The weekend

The weekend is grating, like fingernails on a black board. We somehow find conversation hard, so we go for drives. There are only so many routes in Witsand, the small seaside village where my parents lived, and where now my Mother lives alone. This was one of their favourite pastimes, going for drives. With Sally the dog.
My Mom loves for the drive to go through the “Ooskamp”, the so-called “coloured” caravan park that now has been turned into a little neighbourhood of small houses, built one on top of the other. Every time we drive past the last house on the left, she says “apparently this is the most beautiful house in the camp”. My Dad once went inside the house and told her that. And she points out Johnny Gans’ house. It is called Gansnes (goose nest). He died suddenly from a heart attack a few years ago.
We go for tea at Jana’s shop, supper at Anchorage on the beach. And another drive, this time to Oysterbeds. She comments on all the fishing boats out on the river, the trailers waiting on their return. Saturday is windstill, very rare for Witsand. We sit and watch people walking their dogs on the dunes. Some visitors come bringing more muffins. I make tea. They talk about their arthritis.
The house feels shrouded in sadness. We laugh at the dogs playing and seeking attention. But underneath there is a layer of sadness. Over the conversation is another layer. She still talks about him in the present tense. How he loves saying at 17h30 “the bar is open!”
She wants us to take some of his clothes. I unpack all his clothes on the dining room table. I know every shirt, every jersey, every pair of shorts. His sleeping t-shirts and pants. There is nothing I want to take – more than half of it is mine that I passed on to him. I know she wants us to take something. I pack it all back in the cupboard and tell her to give it to needy people.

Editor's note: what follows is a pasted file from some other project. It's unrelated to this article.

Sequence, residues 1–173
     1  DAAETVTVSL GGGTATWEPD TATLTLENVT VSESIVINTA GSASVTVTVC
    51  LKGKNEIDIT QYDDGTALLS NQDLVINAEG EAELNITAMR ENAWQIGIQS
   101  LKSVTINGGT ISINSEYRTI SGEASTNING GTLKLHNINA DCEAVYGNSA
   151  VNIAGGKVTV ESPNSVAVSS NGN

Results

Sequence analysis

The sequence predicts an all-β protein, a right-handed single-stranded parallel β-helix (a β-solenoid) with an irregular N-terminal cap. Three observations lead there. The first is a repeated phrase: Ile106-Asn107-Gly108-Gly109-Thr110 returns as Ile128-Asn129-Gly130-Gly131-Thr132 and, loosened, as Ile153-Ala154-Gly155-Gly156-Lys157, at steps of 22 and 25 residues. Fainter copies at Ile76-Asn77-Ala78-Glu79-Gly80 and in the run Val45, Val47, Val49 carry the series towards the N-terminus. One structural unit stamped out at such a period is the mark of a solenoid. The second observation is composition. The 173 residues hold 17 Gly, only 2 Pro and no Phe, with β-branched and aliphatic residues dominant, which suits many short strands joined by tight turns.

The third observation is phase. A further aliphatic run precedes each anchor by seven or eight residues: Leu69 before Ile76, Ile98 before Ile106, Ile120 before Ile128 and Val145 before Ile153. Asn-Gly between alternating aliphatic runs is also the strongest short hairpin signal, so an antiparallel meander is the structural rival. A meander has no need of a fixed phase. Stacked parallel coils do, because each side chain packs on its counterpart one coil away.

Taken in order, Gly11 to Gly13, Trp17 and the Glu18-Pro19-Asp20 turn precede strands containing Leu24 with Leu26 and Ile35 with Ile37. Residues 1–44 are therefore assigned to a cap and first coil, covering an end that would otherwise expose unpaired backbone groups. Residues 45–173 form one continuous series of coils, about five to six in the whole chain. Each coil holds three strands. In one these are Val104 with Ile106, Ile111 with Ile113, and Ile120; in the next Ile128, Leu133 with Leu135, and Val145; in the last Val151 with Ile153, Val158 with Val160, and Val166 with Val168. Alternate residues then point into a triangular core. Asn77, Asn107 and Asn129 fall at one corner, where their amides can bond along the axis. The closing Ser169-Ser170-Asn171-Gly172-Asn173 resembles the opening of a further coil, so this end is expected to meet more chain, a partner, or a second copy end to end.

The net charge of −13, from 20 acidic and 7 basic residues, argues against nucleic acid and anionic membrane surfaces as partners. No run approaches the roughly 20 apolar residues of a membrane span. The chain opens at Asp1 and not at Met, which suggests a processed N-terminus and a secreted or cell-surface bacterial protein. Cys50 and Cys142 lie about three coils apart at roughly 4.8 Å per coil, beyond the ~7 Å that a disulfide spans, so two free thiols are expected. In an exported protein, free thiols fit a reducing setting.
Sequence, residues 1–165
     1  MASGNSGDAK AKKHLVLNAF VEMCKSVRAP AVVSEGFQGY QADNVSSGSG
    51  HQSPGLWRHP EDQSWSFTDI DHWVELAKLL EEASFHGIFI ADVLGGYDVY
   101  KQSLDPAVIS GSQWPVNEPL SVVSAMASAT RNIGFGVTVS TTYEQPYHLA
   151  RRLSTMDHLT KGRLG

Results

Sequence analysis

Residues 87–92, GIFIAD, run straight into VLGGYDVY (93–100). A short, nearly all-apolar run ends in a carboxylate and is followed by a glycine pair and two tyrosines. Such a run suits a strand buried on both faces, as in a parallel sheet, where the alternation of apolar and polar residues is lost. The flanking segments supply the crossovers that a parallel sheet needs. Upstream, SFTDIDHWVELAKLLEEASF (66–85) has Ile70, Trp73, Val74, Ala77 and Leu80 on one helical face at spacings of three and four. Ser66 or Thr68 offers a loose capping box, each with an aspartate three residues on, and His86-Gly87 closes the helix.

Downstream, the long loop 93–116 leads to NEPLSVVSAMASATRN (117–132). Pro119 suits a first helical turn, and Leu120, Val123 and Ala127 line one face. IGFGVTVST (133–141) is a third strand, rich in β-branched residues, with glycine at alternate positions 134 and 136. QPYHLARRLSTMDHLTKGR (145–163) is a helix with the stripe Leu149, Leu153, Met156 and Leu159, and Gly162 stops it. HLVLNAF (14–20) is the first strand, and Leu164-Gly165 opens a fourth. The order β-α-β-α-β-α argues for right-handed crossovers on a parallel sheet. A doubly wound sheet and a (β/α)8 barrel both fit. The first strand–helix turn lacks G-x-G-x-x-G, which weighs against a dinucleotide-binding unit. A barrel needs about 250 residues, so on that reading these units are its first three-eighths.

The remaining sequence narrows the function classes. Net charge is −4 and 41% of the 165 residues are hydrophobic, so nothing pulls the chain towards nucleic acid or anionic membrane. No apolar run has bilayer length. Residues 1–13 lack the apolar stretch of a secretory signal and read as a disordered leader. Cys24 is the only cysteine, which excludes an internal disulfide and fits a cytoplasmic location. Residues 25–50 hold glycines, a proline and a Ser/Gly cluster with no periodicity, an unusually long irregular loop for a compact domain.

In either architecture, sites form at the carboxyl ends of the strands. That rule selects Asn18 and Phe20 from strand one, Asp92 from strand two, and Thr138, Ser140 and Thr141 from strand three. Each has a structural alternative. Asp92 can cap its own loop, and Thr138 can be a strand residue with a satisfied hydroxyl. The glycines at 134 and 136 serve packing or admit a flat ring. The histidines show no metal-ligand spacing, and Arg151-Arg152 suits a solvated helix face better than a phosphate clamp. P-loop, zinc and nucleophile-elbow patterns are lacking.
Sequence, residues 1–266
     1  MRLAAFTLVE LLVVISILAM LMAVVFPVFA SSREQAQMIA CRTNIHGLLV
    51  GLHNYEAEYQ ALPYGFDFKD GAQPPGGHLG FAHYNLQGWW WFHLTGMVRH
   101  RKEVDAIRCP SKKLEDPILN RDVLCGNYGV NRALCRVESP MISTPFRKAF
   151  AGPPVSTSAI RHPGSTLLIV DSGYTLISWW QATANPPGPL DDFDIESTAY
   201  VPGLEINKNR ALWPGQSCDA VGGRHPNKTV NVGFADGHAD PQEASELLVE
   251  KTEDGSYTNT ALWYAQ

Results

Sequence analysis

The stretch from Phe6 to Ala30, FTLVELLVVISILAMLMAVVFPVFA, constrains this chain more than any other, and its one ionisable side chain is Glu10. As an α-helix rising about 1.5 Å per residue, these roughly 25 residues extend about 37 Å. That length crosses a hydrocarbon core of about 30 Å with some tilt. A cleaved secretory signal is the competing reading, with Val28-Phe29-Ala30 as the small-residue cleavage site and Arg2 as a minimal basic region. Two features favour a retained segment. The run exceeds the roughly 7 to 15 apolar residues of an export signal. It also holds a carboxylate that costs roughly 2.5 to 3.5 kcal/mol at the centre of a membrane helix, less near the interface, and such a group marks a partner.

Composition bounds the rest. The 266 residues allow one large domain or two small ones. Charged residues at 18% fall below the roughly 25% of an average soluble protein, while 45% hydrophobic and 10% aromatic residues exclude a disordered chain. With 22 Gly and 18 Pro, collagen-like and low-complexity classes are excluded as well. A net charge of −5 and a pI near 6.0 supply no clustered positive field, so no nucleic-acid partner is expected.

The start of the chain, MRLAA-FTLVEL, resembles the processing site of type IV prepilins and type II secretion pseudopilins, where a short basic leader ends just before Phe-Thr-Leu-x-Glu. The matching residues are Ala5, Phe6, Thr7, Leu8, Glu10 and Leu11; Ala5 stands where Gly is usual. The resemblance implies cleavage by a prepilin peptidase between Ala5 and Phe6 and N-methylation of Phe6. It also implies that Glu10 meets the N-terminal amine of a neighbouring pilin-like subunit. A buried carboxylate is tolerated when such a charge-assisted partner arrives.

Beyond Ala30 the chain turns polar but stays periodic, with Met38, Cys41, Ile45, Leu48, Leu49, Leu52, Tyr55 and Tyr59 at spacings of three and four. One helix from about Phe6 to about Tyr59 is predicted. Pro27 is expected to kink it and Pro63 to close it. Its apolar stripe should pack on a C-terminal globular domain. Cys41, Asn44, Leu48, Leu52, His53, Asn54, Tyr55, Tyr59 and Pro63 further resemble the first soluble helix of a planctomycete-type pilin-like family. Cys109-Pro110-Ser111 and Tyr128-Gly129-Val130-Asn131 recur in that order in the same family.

I fill out the Sanlam funeral claim form. His ID photo is so real, lying next to his death certificate which is so unreal. We make more tea and eat muffins.
Sunday morning I get into bed with her with all the dogs. I tease Sally – she loves it and pretends to be vicious. “Jou Pa terg haar net so!” We go quiet again, drink out tea and look out the window at the dunes. I see how she struggles to find conversation after that statement.
We have breakfast. I sit on his chair, say grace like he always did. More tea. We wash the dogs. Brush them. I know we need to start packing. “Is julle dan al op pad?” I help her up out of the chair, holding her hands. She looks deep into my eyes and says “gaan julle my saamvat?” I cannot speak. We walk to the car holding hands. For 58 years my Dad always held her hand when they walked anywhere. Always opened the car door for her. She stands at the front door. I hug her – she is so fragile. I feel her shoulder bones sticking out when I hold her as tight as I can, knowing that she hurts so easily. I cannot say goodbye. So many times we drove away from home with Mom and Dad standing outside, waving. Now she stands alone. She cannot wave her hand above her head. I cannot look in the rear view mirror, I just wave as we turn the corner.
We travel back to Cape Town in silence. Stop for coffee in Riviersonderend. I phone her when we get home. “Ek mis julle al klaar” she says. My heart is shattered.

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